Food Safety Focus (164th Issue, March 2020) – Food Incident Highlight
Air Fryers and Acrylamide
Air fryers have been gaining popularity. The kitchen appliances fry foods by circulating hot air around the food. Compared to conventional frying, air-frying requires lesser oil to produce meals of a similar taste and texture.
Recently, a consumer group in Korea reported that French fries prepared by air-frying at 200°C contained significant levels of a possible carcinogen, acrylamide. This report aroused some concerns. Acrylamide is formed between the naturally present free amino acid, asparagine, and reducing sugars (e.g. glucose and fructose) when food is heated at high temperatures (>120°C). In general, higher temperatures and longer cooking time will result in higher levels of acrylamide regardless of the cooking method. Many baked and fried foods, such as French fries, crisps and biscuits, contain relatively high levels of acrylamide.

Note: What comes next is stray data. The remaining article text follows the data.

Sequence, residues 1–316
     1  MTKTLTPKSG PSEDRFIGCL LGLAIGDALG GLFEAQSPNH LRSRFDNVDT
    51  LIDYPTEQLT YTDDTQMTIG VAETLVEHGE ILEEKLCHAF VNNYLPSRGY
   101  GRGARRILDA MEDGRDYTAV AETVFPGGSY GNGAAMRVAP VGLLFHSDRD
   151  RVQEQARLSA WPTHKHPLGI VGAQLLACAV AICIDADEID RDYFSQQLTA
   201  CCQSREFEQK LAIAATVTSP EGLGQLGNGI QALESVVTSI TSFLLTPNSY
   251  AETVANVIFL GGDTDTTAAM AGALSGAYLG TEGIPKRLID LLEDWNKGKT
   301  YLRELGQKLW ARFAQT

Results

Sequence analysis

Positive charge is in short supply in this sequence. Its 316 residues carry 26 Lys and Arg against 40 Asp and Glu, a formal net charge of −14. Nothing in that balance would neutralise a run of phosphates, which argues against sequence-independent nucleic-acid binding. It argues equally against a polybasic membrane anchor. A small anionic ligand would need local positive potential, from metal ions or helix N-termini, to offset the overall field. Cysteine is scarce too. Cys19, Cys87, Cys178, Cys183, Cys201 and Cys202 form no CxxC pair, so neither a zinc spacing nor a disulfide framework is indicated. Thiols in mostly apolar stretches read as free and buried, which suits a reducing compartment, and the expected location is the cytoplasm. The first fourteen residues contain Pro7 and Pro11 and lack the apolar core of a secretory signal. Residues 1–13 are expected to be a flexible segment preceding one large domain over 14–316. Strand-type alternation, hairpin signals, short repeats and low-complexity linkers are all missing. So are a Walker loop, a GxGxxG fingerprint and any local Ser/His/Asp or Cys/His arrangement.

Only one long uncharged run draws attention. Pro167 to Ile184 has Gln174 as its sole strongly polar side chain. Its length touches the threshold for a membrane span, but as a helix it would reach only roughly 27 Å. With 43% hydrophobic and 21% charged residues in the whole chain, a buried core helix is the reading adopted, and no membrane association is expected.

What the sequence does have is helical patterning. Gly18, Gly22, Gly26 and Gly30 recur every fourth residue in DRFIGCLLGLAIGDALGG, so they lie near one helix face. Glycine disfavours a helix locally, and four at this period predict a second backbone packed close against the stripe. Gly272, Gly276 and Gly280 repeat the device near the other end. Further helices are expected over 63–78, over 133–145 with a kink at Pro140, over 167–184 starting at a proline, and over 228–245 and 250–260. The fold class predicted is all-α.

Acrylamide can be reduced by not cooking food at a too high temperature for too long. Consumers should aim for a golden yellow colour or lighter when frying (including air frying), baking, toasting or roasting food.